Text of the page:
• Using a very sharp knife and cutting against the grain of the meat, slice the meat thinly into approximately 1/8″ slices.
  • Place sliced meat into the marinade and allow to sit at room temperature or in the refrigerator for up to 1 hour.
  • Arrange the meat onto the trays of a food dehydrator and heat at 135-145 degrees until the meat is the desired dryness to your liking. This should take approximately 3-5 hours.Note: if you want to use an oven on it’s lowest heat setting you can try that but keep a close eye on the meat as it will likely finish much faster. You may even want to keep the oven door propped open for the dehydrating time. If you have experience with this, please post it to the comments below!


  • Try using rosemary sea salt with honey instead of sage and maple syrup.
  • If you want to use ground beef, use the extruder tool that comes with your dehydrator or buy one separately. This will save money on the price of your meat and also adds some fat to the snacks you create.

To find grass-fed beef or other grass-fed and pasture raised meats locally, check out or your local farmers markets. To find grass-fed beef or other grass-fed and pasture raised meats online, check out

Enjoy & be well!

“Bacon is rad. Gluten is bad.” Sport it on a T-shirt.

Categories: Cooking, Paleo/Low Carb, Recipes


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  1. says

    I love the idea of maple! It definitely works with ground beef… I’ve made it many times with many variations (cumin and chili powder; aisian spices, etc)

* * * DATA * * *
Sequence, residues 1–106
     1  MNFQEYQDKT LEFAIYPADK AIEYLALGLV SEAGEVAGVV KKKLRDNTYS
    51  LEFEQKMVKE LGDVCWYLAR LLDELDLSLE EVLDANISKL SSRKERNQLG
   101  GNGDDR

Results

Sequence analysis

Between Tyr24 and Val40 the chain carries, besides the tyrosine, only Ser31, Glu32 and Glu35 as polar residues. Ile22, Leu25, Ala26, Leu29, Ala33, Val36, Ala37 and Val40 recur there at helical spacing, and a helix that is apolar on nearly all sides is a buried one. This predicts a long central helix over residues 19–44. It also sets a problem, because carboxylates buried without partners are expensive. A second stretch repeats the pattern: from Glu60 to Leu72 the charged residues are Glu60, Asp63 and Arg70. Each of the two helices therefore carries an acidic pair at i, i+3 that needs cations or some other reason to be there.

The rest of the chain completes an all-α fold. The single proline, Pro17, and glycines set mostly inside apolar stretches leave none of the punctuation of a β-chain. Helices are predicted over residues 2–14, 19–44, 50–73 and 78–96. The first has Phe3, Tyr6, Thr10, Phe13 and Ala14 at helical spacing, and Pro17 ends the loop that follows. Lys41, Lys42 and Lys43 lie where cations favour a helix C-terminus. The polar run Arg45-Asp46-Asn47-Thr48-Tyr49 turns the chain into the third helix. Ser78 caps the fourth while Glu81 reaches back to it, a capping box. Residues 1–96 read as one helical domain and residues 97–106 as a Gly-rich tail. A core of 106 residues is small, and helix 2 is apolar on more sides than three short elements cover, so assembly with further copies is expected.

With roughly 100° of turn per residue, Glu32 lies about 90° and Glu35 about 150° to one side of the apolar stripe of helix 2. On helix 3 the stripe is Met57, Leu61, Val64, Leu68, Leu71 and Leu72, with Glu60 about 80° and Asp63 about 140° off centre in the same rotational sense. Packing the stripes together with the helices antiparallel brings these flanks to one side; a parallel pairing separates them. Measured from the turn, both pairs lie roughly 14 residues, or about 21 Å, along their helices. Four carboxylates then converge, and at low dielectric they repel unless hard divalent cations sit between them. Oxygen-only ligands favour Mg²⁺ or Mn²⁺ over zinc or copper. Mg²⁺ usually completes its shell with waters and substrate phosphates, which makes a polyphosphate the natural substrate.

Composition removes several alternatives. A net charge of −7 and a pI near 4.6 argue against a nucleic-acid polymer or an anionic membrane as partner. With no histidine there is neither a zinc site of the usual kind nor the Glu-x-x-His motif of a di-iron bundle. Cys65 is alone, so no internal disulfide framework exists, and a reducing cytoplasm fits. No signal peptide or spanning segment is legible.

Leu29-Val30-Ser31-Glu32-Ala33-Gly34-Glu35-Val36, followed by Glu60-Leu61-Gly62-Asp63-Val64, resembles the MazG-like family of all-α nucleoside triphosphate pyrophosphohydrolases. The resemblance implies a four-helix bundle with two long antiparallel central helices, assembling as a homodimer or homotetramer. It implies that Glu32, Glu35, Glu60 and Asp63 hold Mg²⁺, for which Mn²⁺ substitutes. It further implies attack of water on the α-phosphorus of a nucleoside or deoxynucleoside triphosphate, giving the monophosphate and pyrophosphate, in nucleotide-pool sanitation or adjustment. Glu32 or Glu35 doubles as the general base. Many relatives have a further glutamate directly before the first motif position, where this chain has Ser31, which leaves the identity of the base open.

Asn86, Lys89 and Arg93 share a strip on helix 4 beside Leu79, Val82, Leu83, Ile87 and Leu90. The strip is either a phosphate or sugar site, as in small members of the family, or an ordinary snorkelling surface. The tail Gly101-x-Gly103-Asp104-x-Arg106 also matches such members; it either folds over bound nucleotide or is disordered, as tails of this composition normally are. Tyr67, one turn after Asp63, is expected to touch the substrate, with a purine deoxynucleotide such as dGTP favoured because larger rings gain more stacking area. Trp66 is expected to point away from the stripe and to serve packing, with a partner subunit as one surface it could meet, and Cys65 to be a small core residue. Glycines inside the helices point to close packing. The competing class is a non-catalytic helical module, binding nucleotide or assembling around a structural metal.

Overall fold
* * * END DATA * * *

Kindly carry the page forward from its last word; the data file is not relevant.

Also, I don’t have a dehydrator with variable temperature, so I always just make in the oven on lowest setting. Depending on what cut of meat and how thick I slice it, it can take anywhere from 3 hours to 12 hours. I usually put it in late at night and check early morning though.

    • says

      Yeah, I think if it’s on the higher heat setting it can finish pretty quickly but I do tend to turn it down and let it go longer sometimes. It really varies a lot for me and I think people all like different levels of moisture left in the meat too. Thanks for sharing your experience!

  2. says

    Looks great! Thanks. I have made jerky many times but find it needs longer. Maybe the dehydrator makes a difference? I have the excalibur.

    Oh and do you think it will work without the sweetener? I dont sweeten things any longer…..

    • says